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  • Archive for January, 2010

    Is jatropha to good to be true?

    2010 - 01.29

    Jatropha has been touted in India as a miracle crop. An eco friendly answer to India’s growing energy needs but is really all it is hyped up to be?

    Jatropha is a wild plant that can flourish in any kind of soil making it ideal for planting in India’s drought prone nation. It produces non-edible oil that once blended with diesel can make a biofuel able to power the country’s cars.

    But new research has indicated that jatropha, which is part of government efforts to cut carbon emissions and combat climate change, yields less than experts had first predicted and is now being grown on fertile farmland. Obviously this is undermining its two biggest selling points.

    “Jatropha is being talked of as a crop that will grow on marginal and uncultivated land, and which will not compete with mainstream cultivation,” said Sharachchandra Lele, a senior fellow at ATREE, an Indian environmental research group promoting sustainable development. “But this is not what is happening in practice. Some state governments are promoting its cultivation on regular agricultural land, where it will displace existing crops, including food crops,” said Lele. “We are basically subsidising the urban elite’s petrol consumption at the cost of rural livelihoods and food production.”

    The Indian government has set a policy that dictates that by 2017 all petrol and diesel fuel must contain 20% of biofuel. To do this the Indian government has aggressively promoted production of the crop, setting its sights on 11 million hectares (27 million acres) of plantations nationwide by next year.

    K.D. Gupta, chairman of the Institute of Applied Systems and Rural Development, one of the staunchest backers of jatropha for biofuel, denied that good agricultural land was being used to cultivate the crop. “Farmers are not going to plant jatropha, because other crops are yielding more returns,” said Gupta.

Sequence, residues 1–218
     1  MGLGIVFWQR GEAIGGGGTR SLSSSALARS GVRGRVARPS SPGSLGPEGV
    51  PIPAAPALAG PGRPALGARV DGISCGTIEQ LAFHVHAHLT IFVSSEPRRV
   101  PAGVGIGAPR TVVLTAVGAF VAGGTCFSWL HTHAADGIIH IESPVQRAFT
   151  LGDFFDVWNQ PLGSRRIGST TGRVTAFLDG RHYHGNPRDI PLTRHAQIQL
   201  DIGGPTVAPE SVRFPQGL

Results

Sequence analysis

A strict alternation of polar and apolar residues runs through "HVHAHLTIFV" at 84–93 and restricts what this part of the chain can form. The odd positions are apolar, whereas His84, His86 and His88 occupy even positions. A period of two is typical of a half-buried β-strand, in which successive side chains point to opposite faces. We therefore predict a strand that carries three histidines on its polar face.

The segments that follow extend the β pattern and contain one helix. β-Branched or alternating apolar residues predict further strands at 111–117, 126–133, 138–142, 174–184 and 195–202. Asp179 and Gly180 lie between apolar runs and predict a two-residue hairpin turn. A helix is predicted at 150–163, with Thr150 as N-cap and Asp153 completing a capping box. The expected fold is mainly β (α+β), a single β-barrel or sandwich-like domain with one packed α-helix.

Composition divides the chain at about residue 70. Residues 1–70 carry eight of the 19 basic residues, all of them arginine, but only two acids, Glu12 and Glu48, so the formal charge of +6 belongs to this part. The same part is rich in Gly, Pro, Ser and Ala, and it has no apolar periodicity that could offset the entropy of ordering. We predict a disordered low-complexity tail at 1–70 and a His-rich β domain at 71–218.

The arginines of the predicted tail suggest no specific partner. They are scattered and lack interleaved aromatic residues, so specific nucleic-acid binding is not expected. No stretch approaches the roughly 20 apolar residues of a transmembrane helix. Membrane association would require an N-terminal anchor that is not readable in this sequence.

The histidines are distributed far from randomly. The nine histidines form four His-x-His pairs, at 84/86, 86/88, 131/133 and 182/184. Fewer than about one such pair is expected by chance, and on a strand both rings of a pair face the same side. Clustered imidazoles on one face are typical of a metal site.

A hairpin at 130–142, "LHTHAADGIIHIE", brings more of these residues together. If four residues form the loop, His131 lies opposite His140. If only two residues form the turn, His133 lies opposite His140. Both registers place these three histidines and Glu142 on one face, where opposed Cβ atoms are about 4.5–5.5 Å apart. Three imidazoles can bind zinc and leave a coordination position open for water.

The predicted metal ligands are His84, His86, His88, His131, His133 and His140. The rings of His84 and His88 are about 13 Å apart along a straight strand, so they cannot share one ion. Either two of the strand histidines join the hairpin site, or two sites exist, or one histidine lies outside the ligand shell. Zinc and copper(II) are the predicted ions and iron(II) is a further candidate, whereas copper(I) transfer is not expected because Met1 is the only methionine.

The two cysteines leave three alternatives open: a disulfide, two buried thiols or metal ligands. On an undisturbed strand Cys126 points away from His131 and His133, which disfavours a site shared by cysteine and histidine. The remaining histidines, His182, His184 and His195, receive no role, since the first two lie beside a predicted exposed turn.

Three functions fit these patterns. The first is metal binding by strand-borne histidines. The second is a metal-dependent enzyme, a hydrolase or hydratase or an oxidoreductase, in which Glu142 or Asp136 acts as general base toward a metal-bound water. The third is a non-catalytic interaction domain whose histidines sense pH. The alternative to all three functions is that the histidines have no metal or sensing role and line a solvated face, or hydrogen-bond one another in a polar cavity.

Initially two Indian research institutes reported that under irrigated conditions jatropha could yield up to 7.5 tonnes of seeds per hectare, which is three tons per acre. In 2007 another report was conducted by National Oilseeds and Vegetable Oils Development Board (NOVOD) this report predicted that jatropha would produce yields of three to five tonnes per hectare.

    However a recent research conducted by ATREE that under normal conditions the predicted yields were less than one tonne per hectare. The report raised concerns that the jatropha crop could ever yield as much as previous research had suggested.

    Despite this less than favourable outlook the hopes of business keen to promote this plant are not dashed.

    “It all depends on how you manage the crop,” said Subhas Patnaik, chief operating officer of Mission Biofuels, which started cultivating jatropha in 2007 and currently owns around 130,000 hectares in five states. “The whole challenge is how to get better yields from this crop and once you’re able to prove that to the farmer and to everybody then definitely it is going to be a miracle crop,” said Patnaik.

    Already over two million jatropha saplings have been planted in over 1,300 hectares of northern India by the Institute of Applied Systems and Rural Development. Gupta, the institute’s chairman, said that it is too early to judge the crop as it takes years to fully develop and produce desirable results.

    But ATREE’s Lele remains unconvinced. “Neither for energy security nor for mitigating carbon emissions is jatropha cultivation by any means the first option,” he said. “Much more could be achieved through investments in public transport and reductions in private vehicle use.”

    The Timber Investment Blog is sponsored by Greenwood Management. For more information on investing in Forestry please click here

    Climate change isn’t going to wait for a political solution

    2010 - 01.28

    In 2008 Greenfleet, a non-profit tree planting organisation from Melbourne was awarded the right to display the Australian Federal Government’s Greenhouse Friendly logo. They were congratulated at the time by the Climate Change Minister, Penny Wong.

    “Greenfleet’s biodiversity forest projects will not only result in a reduction of greenhouse gases, they will also provide valuable habitat for native fauna and assist in the regeneration of the Australian landscape,” Senator Wong said.

    Sara Gipton the chief executive of Greenfleet says that they won the accreditation title after a long and expensive process. Greenfleet was also the first non-profit organisation to achieve the Greenhouse Friendly award as an ‘approved abatement provider’.